|Date(s):||July 6, 1850|
|Tag(s):||African-Americans, Economy, Migration/Transportation, Urban-Life/Boosterism|
|Course:||“Rise And Fall of the Slave South,” University of Virginia|
As both a cotton and tobacco dealer, and a forwarding and commission merchant, A. Hamilton ran a regular advertisement for his services in The Nashville Daily Union. In the advertisement he ran on Saturday, July 6, 1850, Hamilton reassured his former patrons that he planned to remain in the business of buying and selling cotton. Hamilton thanked the public for the business they provided him in that venture. Directly below he advertised his steamboat packets. Through this advertisement, Hamilton reintroduced himself as an agent of the steamers that traveled between Nashville and New Orleans, and Nashville and Memphis. In addition, the advertisement declared Hamilton's need to hire 100 NEGROES to work on the steamboats that traveled back and forth along these two routes. Although he claimed to want to hire these black workers, he did not necessarily mean to hire them independently. Some slave owners often hired their slaves out to others within their community, keeping the salaries for themselves.
Hamilton advertised two types of steamboat packets. The first he described as regular packets traveling from New Orleans to Nashville. The steamers left the port of New Orleans every Tuesday at four o'clock in the afternoon for Nashville. The steamer left to return to New Orleans from Nashville every Saturday afternoon at four o'clock. The advertisement described the other packet as weekly. It left Nashville for Memphis every Monday at four o'clock and left to return to Nashville from Memphis on Thursday mornings at ten o'clock.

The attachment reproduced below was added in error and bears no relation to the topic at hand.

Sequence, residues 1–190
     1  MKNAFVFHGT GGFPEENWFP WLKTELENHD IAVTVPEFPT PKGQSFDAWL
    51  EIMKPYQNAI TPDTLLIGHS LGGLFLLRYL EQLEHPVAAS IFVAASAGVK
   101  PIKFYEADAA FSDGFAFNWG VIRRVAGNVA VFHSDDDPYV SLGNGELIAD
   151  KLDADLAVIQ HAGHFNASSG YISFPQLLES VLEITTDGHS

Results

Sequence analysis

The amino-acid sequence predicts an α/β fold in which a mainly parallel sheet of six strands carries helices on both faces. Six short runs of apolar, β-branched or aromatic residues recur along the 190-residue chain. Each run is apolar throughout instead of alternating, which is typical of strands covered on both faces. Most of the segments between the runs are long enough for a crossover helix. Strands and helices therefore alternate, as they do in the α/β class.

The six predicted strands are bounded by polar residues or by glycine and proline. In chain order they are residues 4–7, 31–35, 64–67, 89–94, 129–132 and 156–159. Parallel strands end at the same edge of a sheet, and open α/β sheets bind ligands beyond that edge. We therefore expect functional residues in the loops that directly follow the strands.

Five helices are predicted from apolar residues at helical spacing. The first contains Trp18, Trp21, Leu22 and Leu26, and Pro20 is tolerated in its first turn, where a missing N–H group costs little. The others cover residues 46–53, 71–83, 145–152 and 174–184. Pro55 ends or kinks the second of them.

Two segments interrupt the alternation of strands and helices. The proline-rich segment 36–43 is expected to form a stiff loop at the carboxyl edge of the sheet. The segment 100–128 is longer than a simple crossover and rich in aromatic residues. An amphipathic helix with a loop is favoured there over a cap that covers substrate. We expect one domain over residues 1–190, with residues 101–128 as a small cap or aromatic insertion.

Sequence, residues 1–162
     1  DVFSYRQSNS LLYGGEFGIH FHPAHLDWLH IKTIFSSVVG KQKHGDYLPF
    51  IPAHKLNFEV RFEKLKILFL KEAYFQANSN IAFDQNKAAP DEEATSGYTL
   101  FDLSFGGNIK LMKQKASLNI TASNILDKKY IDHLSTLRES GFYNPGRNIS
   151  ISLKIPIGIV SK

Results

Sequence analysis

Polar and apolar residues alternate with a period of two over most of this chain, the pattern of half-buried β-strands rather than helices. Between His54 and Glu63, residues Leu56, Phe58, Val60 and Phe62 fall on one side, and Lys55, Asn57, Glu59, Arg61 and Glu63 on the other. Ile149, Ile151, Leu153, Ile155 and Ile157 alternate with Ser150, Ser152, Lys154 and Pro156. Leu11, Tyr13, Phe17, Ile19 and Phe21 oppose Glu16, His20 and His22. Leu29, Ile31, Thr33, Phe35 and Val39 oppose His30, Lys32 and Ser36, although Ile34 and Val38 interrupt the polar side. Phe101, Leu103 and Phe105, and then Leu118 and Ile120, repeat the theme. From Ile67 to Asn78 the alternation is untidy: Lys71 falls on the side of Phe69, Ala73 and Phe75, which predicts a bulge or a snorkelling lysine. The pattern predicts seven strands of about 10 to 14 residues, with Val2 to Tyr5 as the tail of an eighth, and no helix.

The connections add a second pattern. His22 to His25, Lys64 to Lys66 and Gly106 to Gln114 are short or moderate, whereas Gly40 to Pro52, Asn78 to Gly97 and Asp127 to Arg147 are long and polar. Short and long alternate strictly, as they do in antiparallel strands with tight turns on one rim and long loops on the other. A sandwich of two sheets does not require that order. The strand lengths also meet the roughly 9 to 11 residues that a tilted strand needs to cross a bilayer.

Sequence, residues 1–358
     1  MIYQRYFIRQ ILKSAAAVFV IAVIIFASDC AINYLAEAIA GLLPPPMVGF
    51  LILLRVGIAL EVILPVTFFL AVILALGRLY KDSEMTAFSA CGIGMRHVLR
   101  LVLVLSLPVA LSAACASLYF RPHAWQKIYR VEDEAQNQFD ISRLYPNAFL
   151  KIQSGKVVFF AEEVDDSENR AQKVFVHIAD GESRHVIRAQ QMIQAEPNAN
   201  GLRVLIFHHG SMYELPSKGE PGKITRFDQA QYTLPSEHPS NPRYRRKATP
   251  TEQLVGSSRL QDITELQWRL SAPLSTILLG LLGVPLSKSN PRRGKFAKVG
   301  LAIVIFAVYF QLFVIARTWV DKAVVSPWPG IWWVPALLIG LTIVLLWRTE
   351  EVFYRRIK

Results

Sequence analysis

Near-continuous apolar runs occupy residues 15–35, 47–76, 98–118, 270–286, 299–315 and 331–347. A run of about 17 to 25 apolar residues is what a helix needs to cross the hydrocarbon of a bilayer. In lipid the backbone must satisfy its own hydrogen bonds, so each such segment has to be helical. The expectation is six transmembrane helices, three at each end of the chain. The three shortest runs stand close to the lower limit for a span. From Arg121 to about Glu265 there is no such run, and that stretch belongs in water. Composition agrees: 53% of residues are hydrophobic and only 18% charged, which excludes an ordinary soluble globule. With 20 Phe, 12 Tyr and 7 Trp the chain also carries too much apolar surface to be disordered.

Before railroads, steamboats provided the most rapid means of transportation of both people and goods. Tennessee played a large role in this river transportation. The Cumberland River ran through the middle of Tennessee eventually intersecting with the Ohio River. The Ohio River indirectly connected cities along the Cumberland River, specifically Nashville, with the burgeoning steam boat economy of the Mississippi River.
The shipment of iron along the Cumberland River became a vital part of the economy in the middle region of Tennessee. Historian Byrd Douglas argues that if it had not been for the Cumberland River, which served as the only medium of transportation, this essential product, which played such an important part in the development of our country, could not have reached the market. Steamboat packets, like those advertised by A. Hamilton, provided the most efficient means of transportation between the South-western states. Tennessee did produce large amounts of the South?s staple crops, tobacco and cotton. But iron production proved to be more beneficial to the economy of the Cumberland region of Tennessee and thus made Nashville one of the largest cities in the South. The shipment and production of iron made Tennessee an industrial state juxtaposing it to many states within the South that found economic success predominantly through agriculture.